What Explanation is and why it is important:
Explanation concerns transforming complicated and abstract ideas and concepts into clear and meaningful words.
According to recent research, teacher-led instruction is more effective than asking students to discover new knowledge and skills for themselves (2006 – Kirschner, Sweller and Clark, 2009 – Hattie).
Explanations should follow 3 main rules:
- Explanations should be linked to knowledge that students already have. We learn in the context of what we already know.
- The human memory can only hold a few new ideas at once. Therefore new ideas should be short and manageable so that they are more easily remembered.
- Explanations should transform abstract ideas into concrete ones without sacrificing the complexity.
The idea of ‘Stickability’.
Chip and Dan Heath believe that there are six ‘sticky’ principles that will help teaching stick: SUCCES – Simple, Unexpected, Concrete, Credible, Emotional and Story.
Simple = Choose the core concepts that need to be understood and communicate these – anchor them to what students already know
Unexpected = Generate curiosity by highlighting and opening up gaps in their knowledge
Concrete = Provide the opportunities for students to do something that makes the concept real and meaningful
Credible = Provide the opportunities for students to see or experience something that will make them believe the concept
Emotional = Make students ‘feel’ something as a result of your teaching e.g. empathy, sympathy, aspiration
Story = Tell a story round the concept – especially if it has a human/personal element to it
Tom Sherrington says that: ‘As teachers, for high quality explanations to be habitual, we need to know our subjects, taking time to develop our own capacity to explain the key concepts simply. I think departmental CPD time would be well spent with colleagues rehearsing the ways they explain the more difficult material. Too often we assume we can do this but, over the years, I’ve found this is a key area for improvement and experimentation, for me personally and for others.’
Literature to read
- Why Don’t Students Like School? – Daniel Willingham – is an outstanding book that grounds effective explanations in scientific evidence.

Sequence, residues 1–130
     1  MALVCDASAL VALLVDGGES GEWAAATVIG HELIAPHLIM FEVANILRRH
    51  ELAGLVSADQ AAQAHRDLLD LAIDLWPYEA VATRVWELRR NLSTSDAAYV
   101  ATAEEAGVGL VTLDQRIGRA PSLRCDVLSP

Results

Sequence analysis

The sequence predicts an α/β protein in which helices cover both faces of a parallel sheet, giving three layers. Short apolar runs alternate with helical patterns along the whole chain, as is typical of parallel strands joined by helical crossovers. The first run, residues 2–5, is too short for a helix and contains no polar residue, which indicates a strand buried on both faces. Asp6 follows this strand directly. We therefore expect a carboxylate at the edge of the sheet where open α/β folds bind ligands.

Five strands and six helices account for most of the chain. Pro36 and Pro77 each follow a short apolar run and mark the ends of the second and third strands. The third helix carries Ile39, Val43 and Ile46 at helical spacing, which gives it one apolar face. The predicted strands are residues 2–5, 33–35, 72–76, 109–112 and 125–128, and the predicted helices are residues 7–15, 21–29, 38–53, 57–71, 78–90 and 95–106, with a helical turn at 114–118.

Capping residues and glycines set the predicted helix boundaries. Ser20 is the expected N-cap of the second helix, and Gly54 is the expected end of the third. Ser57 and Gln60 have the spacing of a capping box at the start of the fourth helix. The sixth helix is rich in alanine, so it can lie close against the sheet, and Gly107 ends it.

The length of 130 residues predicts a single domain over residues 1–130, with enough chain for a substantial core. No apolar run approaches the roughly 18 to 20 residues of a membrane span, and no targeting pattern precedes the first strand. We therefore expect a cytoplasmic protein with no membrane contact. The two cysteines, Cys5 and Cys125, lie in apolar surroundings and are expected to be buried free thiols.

- Making Every Lesson Count – Chapter 2 – ‘explanation’ – Shaun Allison and Andy Tharby
- Teach Now! English: Becoming a Great English Teacher – Chapter on explanation and teacher talk – Alex Quigley
- The Confident Teacher – Chapter 11 ‘Exemplary explanations’ – Alex Quigley
Blog posts to read:
- Top 10 tips for great explanation – Alex Quigley
- Great lessons need great explanation – Tom Sherrington
- Five steps to improve teacher explanations – Mark Enser
- Dual coding to improve explanation and understanding – Pritesh Raichura
- Great teacher talk – @Turnford
- Five ways to explain BADLY – Tom Boulter
- Features of excellent explanation – Robbie Russell
- Explanation, Practice, Feedback – Pritesh Raichura
- Ten principles for great explicit teaching– Ben Newmark
Strategies to try:
Keep the Main Thing the Main Thing
Briefness and repetition are central to explanation. Your core message should be continually returned to throughout the lesson. When introducing new content, keep your sentences grammatically short and simple. Front load your sentences with the key learning point. Once students become more secure in these concepts, begin to model and promote more complex academic language as you move from surface to deep learning. Start explanations in a concise and concrete manner and build up the complexity as you go.
When introducing a new topic or fact, begin with the explanation and involve the students later, especially when introducing new vocabulary.